Posted by proeconomia in Main, On the crisis, Opinion.
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An excellent article by Nobel laureate Michael Spence @ NYU’s Stern School of Business. It is especially relevant to the euro/drachma debate (it effectively debunks the arguments in favor of a national currency). Check out also the link to his new book www.thenextconvergence.com

On economic theory and the euro/drachma discussion December 19, 2011

Posted by proeconomia in Fiscal policy, Main, Monetary policy, News on Greece, On the crisis, Opinion.
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Read this one from Nikos Varsakelis, a colleague from the Aristotle University of Thessaloniki. At last a Greek economist that sets the record straight, and in doing so points to the obvious: all our theories are about the real economy and not the nominal so the choice of currency is, in the end, irrelevant.

A bad scenario? December 19, 2011

Posted by proeconomia in Fiscal policy, Main, News on Greece, On the crisis.
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Here is an article (in Greek) about a mandatory “conversion” of part of bank savings of individuals (mind you though not of businesses) to domestic bonds. While the idea of a domestic bond is obviously acceptable the method of doing so by forcefully seizing bank savings is clearly not. If this happens by force and it does not work and we the doomsday scenario of exiting the euro zone happens the accumulated savings base of Greek households can easily loose in a very short time over 75% of its value, and maybe more. The current estimate of private savings deposits in Greek banks, as stated in the article, is about 180bn euro.

Umbrella union: 10 myths about Greece and the crisis December 19, 2011

Posted by proeconomia in Fiscal policy, Main, News on Greece, On the crisis, Opinion.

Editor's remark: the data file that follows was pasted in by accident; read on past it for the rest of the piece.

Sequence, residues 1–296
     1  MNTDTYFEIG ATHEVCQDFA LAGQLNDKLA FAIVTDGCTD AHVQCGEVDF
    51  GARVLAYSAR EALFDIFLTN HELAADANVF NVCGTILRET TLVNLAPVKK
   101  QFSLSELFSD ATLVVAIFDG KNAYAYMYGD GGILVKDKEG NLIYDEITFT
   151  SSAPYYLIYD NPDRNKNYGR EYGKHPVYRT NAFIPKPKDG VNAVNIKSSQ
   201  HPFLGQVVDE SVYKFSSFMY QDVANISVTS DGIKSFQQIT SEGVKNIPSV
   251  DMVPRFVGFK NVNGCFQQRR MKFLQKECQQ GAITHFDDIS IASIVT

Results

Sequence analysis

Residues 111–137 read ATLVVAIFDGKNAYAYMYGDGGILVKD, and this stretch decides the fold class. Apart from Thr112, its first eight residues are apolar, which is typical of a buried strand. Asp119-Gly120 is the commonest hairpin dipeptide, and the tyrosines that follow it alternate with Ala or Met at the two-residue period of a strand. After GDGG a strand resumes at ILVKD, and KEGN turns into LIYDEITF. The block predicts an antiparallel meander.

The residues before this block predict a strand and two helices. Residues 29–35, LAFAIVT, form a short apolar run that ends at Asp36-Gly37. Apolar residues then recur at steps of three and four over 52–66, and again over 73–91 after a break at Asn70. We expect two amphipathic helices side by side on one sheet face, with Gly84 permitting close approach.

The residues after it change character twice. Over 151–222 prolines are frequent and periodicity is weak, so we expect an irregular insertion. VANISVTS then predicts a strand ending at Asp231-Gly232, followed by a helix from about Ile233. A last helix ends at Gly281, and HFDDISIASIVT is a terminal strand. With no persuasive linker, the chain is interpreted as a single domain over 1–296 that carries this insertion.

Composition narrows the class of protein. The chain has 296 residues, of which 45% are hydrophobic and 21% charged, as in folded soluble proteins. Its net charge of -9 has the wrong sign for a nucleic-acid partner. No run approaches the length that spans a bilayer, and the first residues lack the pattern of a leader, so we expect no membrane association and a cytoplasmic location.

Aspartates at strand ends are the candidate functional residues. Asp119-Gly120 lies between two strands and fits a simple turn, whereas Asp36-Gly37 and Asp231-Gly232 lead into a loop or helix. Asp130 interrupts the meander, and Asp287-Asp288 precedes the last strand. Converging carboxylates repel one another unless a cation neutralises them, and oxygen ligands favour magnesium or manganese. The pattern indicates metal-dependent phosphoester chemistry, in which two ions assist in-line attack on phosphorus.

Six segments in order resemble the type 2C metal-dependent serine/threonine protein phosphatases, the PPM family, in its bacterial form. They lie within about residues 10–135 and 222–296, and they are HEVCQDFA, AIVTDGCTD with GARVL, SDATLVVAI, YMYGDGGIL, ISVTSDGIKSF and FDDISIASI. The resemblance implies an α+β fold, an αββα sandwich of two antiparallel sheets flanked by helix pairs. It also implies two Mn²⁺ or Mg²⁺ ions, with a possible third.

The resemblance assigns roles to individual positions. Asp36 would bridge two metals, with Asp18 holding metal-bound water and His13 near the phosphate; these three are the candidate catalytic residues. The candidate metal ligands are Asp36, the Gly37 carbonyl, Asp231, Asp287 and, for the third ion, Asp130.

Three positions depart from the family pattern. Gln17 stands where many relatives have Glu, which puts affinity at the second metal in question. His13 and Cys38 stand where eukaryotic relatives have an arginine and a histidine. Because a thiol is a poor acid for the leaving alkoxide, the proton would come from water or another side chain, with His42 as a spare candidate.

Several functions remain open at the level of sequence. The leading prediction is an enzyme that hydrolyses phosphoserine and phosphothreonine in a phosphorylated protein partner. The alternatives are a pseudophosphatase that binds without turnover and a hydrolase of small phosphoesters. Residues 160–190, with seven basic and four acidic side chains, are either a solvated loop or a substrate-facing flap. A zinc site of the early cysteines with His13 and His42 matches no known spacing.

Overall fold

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You may find this article very interesting with your morning coffee.

UK exit from EU not unthinkable December 18, 2011

Posted by proeconomia in Main, Monetary policy, On the crisis, Opinion.
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You may also find this one interesting.

Fragile and Unbalanced in 2012 December 18, 2011

Posted by proeconomia in Fiscal policy, Main, Monetary policy, News on Greece, On the crisis, Opinion.
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This is from Nouriel Roubini and can be read as a follow-up to the previous post since it also includes many arguments (re-distribution, demand, currency appreciation etc). Here are some excerpts to see why!

“Rising inequality – owing partly to job-slashing corporate restructuring – is reducing aggregate demand further, because households, poorer individuals, and labor-income earners have a higher marginal propensity to spend than corporations, richer households, and capital-income earners. Moreover, as inequality fuels popular protest around the world, social and political instability could pose an additional risk to economic performance.”

“Orderly adjustment requires lower domestic demand in over-spending countries with large current-account deficits and lower trade surpluses in over-saving countries via nominal and real currency appreciation. To maintain growth, over-spending countries need nominal and real depreciation to improve trade balances, while surplus countries need to boost domestic demand, especially consumption. But this adjustment of relative prices via currency movements is stalled, because surplus countries are resisting exchange-rate appreciation in favor of imposing recessionary deflation on deficit countries.”

Currency devaluation is a zero-sum game, because not all countries can depreciate and improve net exports at the same time.” (very relevant for Greece)